It’s been over two weeks since my last post. As the time has ticked by, I have remained aware of my non-posting but unable to muster the energy to do anything about it, mostly because moving into my new apartment has been completely exhausting. I have managed to keep up with my internet jazz reading, though, and have seen some interesting discussions emerge. I know that two weeks is like years and years in internet time, but now that I’m back in the saddle I’d like to help you understand where I sit in these recent conversations.
Patrick Jarenwattananon, at the cool new NPR site A Blog Supreme, made some interesting observations about “Grade Inflation” among jazz critics, to which Peter Hum responded thoughtfully. I have thought about reviewing music and concerts at this site (more on that soon to come,) and these posts made me consider the nature of my own writing about specific jazz works. Coincidentally, one of my favorite Portland Trail Blazers bloggers, Dave from Blazersedge, posted a wonderful manifesto on his own approach to criticism towards the team, in response to some posters’ complaints that he never offered any negative feedback in his analysis. This response goes beyond basketball, though, and applies as well to the topic of jazz criticism:
I think today’s world with its vast wellspring of words–most cheap and rushed–encourages people to shortcut the process. If you can apply a label to somebody’s work you can assume what they say without actually considering it. We cruise through 60 stories in a 30-minute newscast, each reduced to a supposedly crucial sound-bite. We attempt to get through as many customers in a day as possible, employing so many assumptions about what they’re going to tell us that our interaction can be reduced to, “If you’re this person, press 1. If you’re that person, press 2.” We identify more and more strongly with parties and organizations and stances that seemingly mean (and do) less and less, choosing our sides by label more than action.
Personally I think the world would be a better place if we each reduced the number of word-sources we gave credence to but engaged more deeply and passionately with those we did choose to hearken to. How much richer would our lives be, for instance, if we cut out 80,000 words a day we heard from a Rush Limbaugh-type program and spent that time considering words to share with our spouses or teachers? (That’s not to impugn Rush. I imagine many people would choose his program as one of their desired sources. It’s just an example.) I believe most interactions should be unique, treasured, and meaningful…even if in a lighthearted or escapist way. That’s pretty much how I approach this blog. That’s what I strive for. I don’t have time to do a ton of other things besides this, my family, my day job, and some good friendships. But hopefully I do those well.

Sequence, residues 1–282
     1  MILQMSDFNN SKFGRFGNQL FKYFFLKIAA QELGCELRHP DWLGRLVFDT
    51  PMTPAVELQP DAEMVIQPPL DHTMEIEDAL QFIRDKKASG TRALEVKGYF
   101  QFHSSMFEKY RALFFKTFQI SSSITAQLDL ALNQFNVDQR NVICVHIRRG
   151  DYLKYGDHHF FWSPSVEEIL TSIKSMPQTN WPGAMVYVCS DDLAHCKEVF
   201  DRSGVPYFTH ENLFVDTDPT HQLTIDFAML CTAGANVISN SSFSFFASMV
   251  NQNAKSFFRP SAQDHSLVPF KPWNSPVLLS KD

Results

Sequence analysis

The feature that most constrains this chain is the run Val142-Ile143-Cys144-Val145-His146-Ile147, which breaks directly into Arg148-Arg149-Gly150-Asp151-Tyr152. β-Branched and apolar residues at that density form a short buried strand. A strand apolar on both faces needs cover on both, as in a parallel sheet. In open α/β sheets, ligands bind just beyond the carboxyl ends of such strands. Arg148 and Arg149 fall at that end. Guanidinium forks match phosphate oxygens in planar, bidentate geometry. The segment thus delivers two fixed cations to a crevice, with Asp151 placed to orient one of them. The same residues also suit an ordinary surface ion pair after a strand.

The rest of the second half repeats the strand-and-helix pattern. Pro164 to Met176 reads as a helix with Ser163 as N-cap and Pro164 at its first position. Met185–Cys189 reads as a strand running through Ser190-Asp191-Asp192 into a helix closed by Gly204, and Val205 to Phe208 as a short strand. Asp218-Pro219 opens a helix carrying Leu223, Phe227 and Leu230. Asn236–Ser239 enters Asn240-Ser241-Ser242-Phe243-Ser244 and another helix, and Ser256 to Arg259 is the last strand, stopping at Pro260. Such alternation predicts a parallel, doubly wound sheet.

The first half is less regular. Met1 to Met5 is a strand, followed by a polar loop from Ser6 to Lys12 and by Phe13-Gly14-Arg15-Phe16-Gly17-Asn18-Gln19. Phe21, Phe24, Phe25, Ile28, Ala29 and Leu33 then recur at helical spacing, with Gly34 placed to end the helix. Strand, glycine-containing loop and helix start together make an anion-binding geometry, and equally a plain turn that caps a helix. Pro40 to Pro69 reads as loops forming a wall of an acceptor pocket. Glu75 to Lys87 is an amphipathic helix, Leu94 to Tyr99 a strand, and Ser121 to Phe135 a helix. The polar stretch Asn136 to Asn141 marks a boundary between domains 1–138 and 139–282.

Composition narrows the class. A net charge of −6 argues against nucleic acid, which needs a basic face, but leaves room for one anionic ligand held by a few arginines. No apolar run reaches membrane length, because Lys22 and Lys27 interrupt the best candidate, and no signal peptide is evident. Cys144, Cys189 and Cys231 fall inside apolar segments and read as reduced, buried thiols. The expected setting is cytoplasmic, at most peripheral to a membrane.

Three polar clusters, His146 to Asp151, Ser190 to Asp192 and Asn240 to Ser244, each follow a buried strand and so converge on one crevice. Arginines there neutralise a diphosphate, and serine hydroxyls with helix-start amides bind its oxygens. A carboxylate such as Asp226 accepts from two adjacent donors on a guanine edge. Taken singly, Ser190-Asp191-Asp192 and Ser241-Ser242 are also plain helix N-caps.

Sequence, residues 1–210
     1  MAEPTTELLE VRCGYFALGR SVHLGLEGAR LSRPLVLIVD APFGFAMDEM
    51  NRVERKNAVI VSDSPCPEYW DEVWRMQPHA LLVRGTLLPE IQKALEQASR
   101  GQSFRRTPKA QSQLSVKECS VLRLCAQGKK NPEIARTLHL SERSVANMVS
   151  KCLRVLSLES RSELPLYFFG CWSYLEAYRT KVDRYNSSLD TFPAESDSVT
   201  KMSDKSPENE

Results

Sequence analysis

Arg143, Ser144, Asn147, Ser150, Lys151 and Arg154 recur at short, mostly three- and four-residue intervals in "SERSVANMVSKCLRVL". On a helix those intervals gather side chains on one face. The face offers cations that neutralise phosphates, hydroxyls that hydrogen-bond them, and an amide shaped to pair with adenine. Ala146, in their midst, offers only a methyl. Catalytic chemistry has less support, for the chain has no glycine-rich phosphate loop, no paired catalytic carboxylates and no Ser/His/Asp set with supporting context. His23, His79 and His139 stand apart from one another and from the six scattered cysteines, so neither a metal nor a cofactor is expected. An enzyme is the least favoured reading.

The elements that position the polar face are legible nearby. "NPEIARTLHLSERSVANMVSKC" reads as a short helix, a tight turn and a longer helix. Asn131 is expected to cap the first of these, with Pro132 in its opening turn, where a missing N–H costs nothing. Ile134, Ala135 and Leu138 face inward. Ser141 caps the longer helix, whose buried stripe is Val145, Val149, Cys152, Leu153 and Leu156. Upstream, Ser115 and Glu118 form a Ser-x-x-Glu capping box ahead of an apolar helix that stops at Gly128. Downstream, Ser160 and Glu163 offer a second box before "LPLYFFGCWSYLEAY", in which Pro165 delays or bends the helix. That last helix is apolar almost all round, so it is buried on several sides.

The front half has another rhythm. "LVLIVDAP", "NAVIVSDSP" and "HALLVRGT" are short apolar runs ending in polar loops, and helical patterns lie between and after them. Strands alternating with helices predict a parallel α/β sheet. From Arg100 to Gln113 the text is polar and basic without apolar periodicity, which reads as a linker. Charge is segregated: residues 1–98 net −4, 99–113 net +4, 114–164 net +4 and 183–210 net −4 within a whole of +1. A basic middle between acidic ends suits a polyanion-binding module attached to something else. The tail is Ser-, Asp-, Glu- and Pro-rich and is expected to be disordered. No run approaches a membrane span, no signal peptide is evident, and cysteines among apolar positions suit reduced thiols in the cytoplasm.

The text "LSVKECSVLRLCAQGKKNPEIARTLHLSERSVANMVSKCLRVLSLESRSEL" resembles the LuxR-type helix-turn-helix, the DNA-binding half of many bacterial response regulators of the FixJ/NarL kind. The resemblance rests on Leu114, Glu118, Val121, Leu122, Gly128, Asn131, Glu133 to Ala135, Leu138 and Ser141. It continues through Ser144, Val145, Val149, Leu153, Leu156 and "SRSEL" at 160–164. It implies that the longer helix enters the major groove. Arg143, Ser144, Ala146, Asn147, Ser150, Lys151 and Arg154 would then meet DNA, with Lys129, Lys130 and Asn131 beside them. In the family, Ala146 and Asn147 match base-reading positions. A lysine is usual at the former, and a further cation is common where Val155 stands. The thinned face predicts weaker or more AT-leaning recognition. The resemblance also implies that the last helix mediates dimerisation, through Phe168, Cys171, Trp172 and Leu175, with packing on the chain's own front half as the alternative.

I’ve always had trouble with the term “music critic”, because the nature of the definition is negative. Critics, one might assume, criticize their subject material. Of course, this is not usually the case, as the critics usually give credit where credit is due and tend to offer more praise than criticism for the work they review. Still, I believe that some critics writing about jazz today relish too much their role as gatekeepers and purveyors of negative feedback. I hope to be, rather than a critic, a “celebratic” — that is, in my writing about jazz, I hope to highlight and celebrate what is great about the music today rather than act as a self-proclaimed arbiter of taste. Jazz doesn’t need gatekeepers, it needs people to welcome new sounds and listeners. Howard Mandel pointed out awhile ago that women, for example, don’t always feel comfortable or welcome in the jazz community. An inclination towards curmudgeonly elitism will certainly not help to alleviate that problem. In that context, the idea of “grades” itself seems rather silly, and so you won’t be seeing any of that here — same goes for “desert island” or “top 10” lists.
The way that jazz is being represented, both in writing and in performance context, is changing rapidly. Much of the buzz this week has been about the sputtering at Jazz Times magazine, which Alden at Jazz Beyond Jazz reports could be the beginning of the end there. He also speculates that this could be partially due to the recent cancellation of the JVC Jazz Festival, part of a larger trend of festival cancellations that is also being reported elsewhere. Although some are bemoaning the current state of jazz, I am excited to see what will emerge from this and am encouraged by the work being done by many fellow bloggers. I look forward to staying involved in the emerging conversations and will do my best to stay current with my commentary.
Keep your eyes out for new posts on jazz and basketball, on not practicing, and maybe even the site’s first interview!